The United States imprisons more of its own people than any other country in the world.  While the U.S. comprises 5% of the total global population; it alone accounts for a staggering 25% of the world’s prison population.   Indeed, more than 2.2 million people are currently incarcerated in U.S. prisons and jails, while more than 5 million additional persons are under the supervision of its justice system, either on probation or on parole. All totaled, there are over 7 million people currently subject to the U.S. criminal justice system.[1]

Moreover, the U.S. prison population is far from representative of the nation’s population as a whole. For instance, while African American males comprise only 6% of the U.S. population, they make up 40% of those in prison or jail. African American males have a 32% chance of serving time at some point in their lives, while white males have only a 6% chance.

Accompanying these one million incarcerated African American males are 283,000 Hispanics, whose own numbers represent a 219% increase in the last ten years. Hispanic males have a 17% chance of serving time at some point in their lives as compared to 6% of white males, as noted above.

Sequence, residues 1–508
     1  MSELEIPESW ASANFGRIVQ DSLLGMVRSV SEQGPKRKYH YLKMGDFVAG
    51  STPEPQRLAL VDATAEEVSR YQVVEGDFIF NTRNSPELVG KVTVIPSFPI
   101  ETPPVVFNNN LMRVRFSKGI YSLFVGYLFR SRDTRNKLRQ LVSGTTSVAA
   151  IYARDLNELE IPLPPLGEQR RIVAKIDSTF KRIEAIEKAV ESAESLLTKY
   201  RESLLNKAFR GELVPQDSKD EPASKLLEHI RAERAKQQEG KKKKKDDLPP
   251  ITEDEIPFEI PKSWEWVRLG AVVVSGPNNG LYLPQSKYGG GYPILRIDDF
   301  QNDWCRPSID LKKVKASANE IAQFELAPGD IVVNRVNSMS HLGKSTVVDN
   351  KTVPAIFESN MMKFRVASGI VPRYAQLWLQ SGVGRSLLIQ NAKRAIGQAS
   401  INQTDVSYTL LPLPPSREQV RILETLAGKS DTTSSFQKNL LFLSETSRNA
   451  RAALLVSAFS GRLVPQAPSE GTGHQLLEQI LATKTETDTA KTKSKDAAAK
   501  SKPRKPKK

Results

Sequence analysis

Prisons and jails have become America’s “new asylums.” The number of individuals with serious mental illness in prisons and jails now exceeds the number in state psychiatric hospitals tenfold.  Most of the individuals who are mentally ill in prisons and jails would have been treated in the state psychiatric hospitals in the years before the deinstitutionalization movement led to the closing of the hospitals, a trend that continues even today.  Nationwide, people with mental health conditions constitute 64% of the jail population.[2]

Besides these shocking statistics, low income persons and young people are especially vulnerable to becoming entrapped in our prisons and jails. The conclusion is clear that the criminal justice system in this country constitutes a calamitous racial, health, and economic injustice.

As people of faith, we are called to dismantle systems that violate human and civil rights. This resolution is intended to mobilize members of the United Church of Christ to join the burgeoning movement of faith and community organizations to halt the rapidly growing trend of mass incarceration in this country and thereby dismantle the new caste system it has created.

There’s a great video about this on The Atlantic‘s website:
http://www.theatlantic.com/video/index/404890/prison-inherited-trait/

[1]U.S. Department of Justice, Bureau of Justice Statistics. U.S. Census Bureau.

[2]U.S. Dept. of Justice, Bureau of Justice Statistics, Mental Health Problems of Prison and Jail Prisoners 2006.

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